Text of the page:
Ishmael N. Daro is the editor-in-chief of the Sheaf.
Because it’s a place of learning
As one of the many slogans of the university points out, this is a place “where great minds meet.” It is a place where many of the brightest academics in any given ï¬eld come to pass on their knowledge to us, the next generation. (Anyone get the Star Trek joke? Anyone?)
On campus, students learn about the world from people who have lived through more world events than us. Our professors are people who understand why things work the way they do. They can analyze them with clarity and precision. We as students need their perspectives because — to put it bluntly — a lot of shit is fucked up. And it is up to us to change it.
But before we can change things, we must ï¬rst understand them. In essence, that is what we are here to do.
We are here to better understand the inner workings of our societies and the human condition, so that we can know what brings the greatest happiness to the greatest number of people.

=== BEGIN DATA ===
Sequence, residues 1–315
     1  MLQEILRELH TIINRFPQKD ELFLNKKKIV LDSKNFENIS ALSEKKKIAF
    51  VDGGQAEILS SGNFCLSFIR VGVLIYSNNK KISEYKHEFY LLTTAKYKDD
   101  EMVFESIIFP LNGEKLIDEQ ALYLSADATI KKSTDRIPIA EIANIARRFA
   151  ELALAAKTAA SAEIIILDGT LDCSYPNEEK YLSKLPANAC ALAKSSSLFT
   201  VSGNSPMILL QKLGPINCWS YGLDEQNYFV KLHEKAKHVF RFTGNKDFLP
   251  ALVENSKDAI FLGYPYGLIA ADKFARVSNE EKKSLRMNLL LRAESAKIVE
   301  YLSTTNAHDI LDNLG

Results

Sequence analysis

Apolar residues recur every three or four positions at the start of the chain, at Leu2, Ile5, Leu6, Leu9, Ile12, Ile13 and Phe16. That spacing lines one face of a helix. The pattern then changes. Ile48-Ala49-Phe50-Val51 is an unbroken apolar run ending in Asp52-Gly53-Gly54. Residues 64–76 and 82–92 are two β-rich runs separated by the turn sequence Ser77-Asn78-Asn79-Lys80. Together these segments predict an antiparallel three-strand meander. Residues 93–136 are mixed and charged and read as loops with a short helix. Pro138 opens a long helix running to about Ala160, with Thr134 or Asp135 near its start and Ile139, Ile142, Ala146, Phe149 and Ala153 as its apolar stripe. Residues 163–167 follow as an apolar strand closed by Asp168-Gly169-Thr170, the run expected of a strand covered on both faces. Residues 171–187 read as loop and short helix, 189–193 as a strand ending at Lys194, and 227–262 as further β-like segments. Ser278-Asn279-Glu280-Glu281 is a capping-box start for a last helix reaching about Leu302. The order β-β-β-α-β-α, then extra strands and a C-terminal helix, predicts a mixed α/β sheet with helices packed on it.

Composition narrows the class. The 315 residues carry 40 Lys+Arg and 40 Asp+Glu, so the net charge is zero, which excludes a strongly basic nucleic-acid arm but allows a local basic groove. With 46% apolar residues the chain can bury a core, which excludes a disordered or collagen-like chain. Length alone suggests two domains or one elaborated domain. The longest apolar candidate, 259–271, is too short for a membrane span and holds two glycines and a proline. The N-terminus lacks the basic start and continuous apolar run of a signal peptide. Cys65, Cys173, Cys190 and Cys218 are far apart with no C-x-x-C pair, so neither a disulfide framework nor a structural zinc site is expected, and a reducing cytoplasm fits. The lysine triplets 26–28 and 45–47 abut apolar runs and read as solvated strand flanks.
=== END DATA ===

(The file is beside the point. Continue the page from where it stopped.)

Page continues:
We are here to learn what works and what doesn’t; we are here to learn about ourselves and others; and we are here to change everything around us for the better — so that future generations won’t have to.
Campuses like ours allow us to study things we can’t neccessarily study on our own. Here, we can study soil development. We can create strains of crops that will not only grow anywhere, but actually enhance the fertility of the native soil. These strains are imperative to mitigating the effects of famine in places like the Horn of Africa
Basically, we are here to better understand everything about everything, not just for the sake of knowledge in and of itself. We are also here to apply our knowledge to the real world and make it a better place.
Scott Hitchings is the president of the University of Saskatchewan Students’ Union
photo: Raisa Pezderic